The flour for matzot is ground at least one day before it is kneaded into dough, since the grinding heats the flour slightly, increasing the risk that the dough will become ĥametz (SA 453:9).
No salt or pepper is added to the dough, since they might warm the dough, increasing the risk that it will become ĥametz (SA 455:5-6).
Le-khatĥila, one should not make matza dough with more than c. 1.5kg (c. 3.3 lbs.) of flour (the shi’ur for having to separate ĥalla from the dough with a berakha). It is hard for one person to knead such a large piece of dough thoroughly and quickly, and there is concern that parts of the dough may become ĥametz. Be-di’avad, if one kneaded a larger quantity, the matza is kosher as long as the dough did not rest for eighteen minutes and no signs of leavening appeared (SA 456:1-2).
When there are several people engaged in kneading, flattening, and rolling out the dough, some poskim maintain that it is permissible to knead larger quantities, and indeed many do so. Even so, initially it is proper to be stringent and not to knead more than the measure that the Sages fixed (MB 456:7).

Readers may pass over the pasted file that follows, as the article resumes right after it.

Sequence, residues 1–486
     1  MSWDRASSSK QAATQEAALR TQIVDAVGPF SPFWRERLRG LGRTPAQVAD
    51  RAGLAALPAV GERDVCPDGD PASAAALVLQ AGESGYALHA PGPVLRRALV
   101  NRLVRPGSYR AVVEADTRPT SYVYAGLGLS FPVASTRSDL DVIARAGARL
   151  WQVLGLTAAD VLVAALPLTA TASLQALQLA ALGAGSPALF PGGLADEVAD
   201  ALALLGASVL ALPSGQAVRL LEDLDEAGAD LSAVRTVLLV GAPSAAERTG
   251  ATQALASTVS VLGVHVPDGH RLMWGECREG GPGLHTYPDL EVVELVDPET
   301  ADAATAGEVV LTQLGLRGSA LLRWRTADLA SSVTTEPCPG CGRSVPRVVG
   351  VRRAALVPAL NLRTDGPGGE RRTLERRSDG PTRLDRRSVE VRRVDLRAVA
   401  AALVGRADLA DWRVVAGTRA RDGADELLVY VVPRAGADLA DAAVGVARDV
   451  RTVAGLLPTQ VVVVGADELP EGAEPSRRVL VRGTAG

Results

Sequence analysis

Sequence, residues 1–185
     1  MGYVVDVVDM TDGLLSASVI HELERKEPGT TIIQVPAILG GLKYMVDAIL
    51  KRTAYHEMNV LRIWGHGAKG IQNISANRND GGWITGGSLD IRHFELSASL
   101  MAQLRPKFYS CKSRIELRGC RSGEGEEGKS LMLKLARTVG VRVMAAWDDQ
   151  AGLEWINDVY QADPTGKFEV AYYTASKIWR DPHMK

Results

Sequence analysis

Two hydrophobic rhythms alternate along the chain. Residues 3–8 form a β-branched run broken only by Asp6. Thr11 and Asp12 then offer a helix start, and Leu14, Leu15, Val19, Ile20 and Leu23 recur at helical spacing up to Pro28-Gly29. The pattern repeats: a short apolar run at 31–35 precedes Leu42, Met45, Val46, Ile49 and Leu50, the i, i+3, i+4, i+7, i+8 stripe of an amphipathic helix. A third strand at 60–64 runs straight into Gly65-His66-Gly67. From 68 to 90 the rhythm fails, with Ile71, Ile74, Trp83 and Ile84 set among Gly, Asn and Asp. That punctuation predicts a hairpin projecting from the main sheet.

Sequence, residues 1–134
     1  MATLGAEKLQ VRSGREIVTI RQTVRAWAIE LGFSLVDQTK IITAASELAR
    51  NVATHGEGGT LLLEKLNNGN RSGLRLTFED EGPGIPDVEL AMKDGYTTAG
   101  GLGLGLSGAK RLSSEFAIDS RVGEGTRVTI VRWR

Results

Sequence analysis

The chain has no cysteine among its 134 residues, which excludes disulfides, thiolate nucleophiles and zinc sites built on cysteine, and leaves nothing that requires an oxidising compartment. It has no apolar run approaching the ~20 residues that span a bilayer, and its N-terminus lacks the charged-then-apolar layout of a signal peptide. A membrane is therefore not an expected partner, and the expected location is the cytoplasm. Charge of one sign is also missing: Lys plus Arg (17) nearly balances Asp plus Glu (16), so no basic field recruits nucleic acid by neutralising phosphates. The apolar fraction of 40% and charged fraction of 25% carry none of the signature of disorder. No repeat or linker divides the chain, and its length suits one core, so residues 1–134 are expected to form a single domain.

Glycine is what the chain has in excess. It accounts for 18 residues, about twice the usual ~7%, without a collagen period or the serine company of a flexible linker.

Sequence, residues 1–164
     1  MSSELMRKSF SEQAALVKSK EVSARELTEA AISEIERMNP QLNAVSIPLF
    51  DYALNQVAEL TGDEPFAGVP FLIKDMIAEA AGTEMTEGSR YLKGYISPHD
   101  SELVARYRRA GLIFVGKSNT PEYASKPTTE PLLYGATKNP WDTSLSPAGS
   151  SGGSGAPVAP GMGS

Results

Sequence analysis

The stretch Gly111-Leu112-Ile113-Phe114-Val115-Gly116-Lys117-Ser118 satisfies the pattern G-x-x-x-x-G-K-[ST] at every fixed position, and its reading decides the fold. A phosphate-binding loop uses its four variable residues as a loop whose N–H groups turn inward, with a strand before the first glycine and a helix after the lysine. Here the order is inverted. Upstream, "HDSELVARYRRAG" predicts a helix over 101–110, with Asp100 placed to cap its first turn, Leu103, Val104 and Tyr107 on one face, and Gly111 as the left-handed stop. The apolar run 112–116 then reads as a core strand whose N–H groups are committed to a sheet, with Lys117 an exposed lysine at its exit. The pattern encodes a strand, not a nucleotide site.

When the kneading is done by machine, it is customary, even le-khatĥila, to permit kneading large volumes of dough.
One may not knead the dough in a hot place, since heat accelerates the leavening process. Therefore, one should not knead in a sunny place. Sometimes it is hot even on a cloudy day, so even if the sun is not shining, one should not knead the dough outside, nor inside next to windows, lest the heat radiate through them. Obviously one should not knead in a place warmed by an oven (SA 459:1). One authority put a number on this: one should not knead where the temperature is 30ºC or higher (Sefer Matzot Mitzva, ch. 7, n. 29). Be-di’avad, if one kneaded dough in a hot place but did not see any signs of leavening in the dough or the matza, the matza is kosher for Pesaĥ (SA 459:5).
Le-khatĥila, one may not stop working the dough for even a moment (SA 459:2). If the hands of the person kneading the dough heat up, he should cool them in cold water. Some are scrupulous to cool their hands in water occasionally while they are kneading (MB 459:27).